Speaking of weapons, if the Knox County Sheriff’s Office had ever bothered to take a look at the numerous text messages that remain on my son’s cell phone to this day, they would have seen the lengthy exchange between Henry and one of the three admitted assailants that took place in the first hours immediately following the assault, in which this guy clearly states that a GUN was involved, and clarifies who actually participated in the physical assault. Perhaps these texts could have assisted KCSO in figuring out what really happened. (verbatim cut and paste of texts to Henry):
Text 1: RE: I told u just b4 that that I havent known these kids long. They made me get out right after that at my truck…like 4 real those kids are bitches man i
Text 2: wouldn’t have done u like that. Ur my boys these kids are trashy fuckn thugs. Dude I’m sorry
Text 3: 01/03: RE: How is that on me they took the only money I had 5 dollars I barely made it home. Dude I will not fuck with those kids anymore. That was bullshit
Text 4: don’t be mad at me the fucked me over too. I wold not have let them do u like that but I couldn’t beat them both and the guy that was driving had a gun Isaw it at his feet
However, the autopsy showed no signs of severe trauma, and no charges have been filed.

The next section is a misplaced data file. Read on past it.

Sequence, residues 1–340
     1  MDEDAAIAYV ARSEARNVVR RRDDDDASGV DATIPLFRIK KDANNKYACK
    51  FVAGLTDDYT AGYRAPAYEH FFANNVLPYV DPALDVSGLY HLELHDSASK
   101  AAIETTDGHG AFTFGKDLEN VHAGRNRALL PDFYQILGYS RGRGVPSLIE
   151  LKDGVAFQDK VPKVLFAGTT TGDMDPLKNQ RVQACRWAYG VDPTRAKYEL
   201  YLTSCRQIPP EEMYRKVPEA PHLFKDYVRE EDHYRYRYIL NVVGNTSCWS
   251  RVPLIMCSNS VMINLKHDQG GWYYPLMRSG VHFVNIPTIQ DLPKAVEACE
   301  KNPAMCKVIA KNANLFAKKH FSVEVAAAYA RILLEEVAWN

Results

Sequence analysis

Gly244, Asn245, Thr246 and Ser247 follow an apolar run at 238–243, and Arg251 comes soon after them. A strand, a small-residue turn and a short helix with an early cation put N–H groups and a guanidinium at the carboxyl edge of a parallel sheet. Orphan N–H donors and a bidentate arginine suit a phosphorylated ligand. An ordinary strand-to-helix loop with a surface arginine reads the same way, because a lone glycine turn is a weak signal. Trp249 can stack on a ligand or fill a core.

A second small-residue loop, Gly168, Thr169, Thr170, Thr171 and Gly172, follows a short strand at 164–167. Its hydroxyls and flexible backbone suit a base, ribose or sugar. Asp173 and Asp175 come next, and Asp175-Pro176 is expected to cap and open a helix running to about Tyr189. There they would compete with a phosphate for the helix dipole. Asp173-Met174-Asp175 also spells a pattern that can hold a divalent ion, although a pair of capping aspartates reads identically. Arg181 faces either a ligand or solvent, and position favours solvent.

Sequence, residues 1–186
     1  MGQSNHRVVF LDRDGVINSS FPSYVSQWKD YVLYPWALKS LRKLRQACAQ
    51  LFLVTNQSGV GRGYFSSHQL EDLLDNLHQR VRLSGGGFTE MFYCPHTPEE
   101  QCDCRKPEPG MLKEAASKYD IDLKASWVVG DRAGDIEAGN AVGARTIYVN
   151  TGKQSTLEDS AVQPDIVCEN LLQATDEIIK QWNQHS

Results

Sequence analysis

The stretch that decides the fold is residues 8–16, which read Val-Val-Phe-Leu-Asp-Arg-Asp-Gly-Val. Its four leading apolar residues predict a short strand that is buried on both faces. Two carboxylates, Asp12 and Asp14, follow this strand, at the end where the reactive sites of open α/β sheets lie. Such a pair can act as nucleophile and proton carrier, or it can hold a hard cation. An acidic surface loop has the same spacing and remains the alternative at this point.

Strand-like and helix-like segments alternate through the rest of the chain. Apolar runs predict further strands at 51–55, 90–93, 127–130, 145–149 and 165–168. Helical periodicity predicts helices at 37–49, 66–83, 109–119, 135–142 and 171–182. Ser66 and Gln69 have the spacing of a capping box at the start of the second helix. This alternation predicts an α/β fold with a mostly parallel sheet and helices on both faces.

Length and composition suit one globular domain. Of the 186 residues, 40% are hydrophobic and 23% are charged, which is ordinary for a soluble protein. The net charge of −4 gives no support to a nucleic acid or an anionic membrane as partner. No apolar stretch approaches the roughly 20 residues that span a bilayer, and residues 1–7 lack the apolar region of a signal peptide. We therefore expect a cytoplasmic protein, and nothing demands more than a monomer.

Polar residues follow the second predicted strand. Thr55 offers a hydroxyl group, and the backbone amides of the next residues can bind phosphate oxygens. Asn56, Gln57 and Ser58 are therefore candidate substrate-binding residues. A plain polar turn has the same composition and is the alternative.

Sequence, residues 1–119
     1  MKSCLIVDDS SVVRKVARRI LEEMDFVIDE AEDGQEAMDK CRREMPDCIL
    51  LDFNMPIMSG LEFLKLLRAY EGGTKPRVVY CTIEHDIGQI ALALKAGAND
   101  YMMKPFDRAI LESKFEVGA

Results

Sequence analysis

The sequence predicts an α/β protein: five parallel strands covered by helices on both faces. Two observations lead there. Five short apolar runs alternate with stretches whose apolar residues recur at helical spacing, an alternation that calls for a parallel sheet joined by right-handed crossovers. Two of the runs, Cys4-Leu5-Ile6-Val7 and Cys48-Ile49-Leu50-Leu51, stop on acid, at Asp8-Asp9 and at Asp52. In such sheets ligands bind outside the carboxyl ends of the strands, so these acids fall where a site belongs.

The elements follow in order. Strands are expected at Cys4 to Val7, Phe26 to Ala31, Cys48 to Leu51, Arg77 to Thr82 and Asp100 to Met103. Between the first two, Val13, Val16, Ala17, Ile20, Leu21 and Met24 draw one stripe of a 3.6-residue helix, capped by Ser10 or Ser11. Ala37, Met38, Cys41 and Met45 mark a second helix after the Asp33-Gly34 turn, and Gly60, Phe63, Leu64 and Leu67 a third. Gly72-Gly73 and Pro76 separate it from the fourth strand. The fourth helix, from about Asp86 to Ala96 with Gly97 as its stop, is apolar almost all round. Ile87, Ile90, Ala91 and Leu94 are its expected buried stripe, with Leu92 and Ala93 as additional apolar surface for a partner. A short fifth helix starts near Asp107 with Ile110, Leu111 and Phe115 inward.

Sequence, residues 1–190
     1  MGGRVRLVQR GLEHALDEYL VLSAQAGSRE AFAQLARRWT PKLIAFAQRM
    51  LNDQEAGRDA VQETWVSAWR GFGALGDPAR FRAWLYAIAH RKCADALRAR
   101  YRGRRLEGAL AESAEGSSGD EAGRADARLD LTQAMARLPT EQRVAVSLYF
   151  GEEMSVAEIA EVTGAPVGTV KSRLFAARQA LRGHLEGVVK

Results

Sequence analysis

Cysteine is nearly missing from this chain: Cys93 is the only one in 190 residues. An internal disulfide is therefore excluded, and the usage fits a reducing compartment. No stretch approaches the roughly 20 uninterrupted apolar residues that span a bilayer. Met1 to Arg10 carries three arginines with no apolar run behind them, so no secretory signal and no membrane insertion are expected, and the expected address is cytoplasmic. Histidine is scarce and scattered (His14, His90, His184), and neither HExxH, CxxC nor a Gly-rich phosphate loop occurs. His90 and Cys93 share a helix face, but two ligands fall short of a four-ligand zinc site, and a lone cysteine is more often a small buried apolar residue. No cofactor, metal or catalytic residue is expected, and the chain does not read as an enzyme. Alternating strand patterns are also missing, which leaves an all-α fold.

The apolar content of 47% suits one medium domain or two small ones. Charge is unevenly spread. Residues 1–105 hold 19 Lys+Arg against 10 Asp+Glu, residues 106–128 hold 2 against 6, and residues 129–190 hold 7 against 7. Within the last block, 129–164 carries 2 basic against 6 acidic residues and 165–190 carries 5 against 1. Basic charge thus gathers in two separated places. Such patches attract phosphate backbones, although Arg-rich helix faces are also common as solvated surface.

That is correct. Weeks after my son was beat up (which happened the day before the overdose), an autopsy was conducted, and despite the extensively documented physical assault-related injuries noted in my son’s medical records from his lengthy hospitalization before he died, the Knox County Medical Examiner said that no evidence of those injuries remained all those weeks later. I don’t know whether that’s accurate or not on the part of the ME, but I do know that the numerous specialists at the University of Tennessee Medical Center who treated Henry’s physical injuries were never interviewed by anyone from the Knox County Sheriff’s Office, or anyone from the Office of the Knox County Medical Examiner. That’s a fact. And I also know that even though the physical injuries Henry had at hospital admission weren’t what ultimately caused his death over one month later, they should still REALLY MATTER to law enforcement charged with investigating the series of events that landed Henry in intensive care, in a coma on April 27, 2010.
Katie Granju’s blog posts have become increasingly critical of the Knox County Sheriff’s Office, which is the investigative agency, and the Knox County District Attorney General’s Office. A portion of her criticisms have been aimed at coverage in the News Sentinel as well,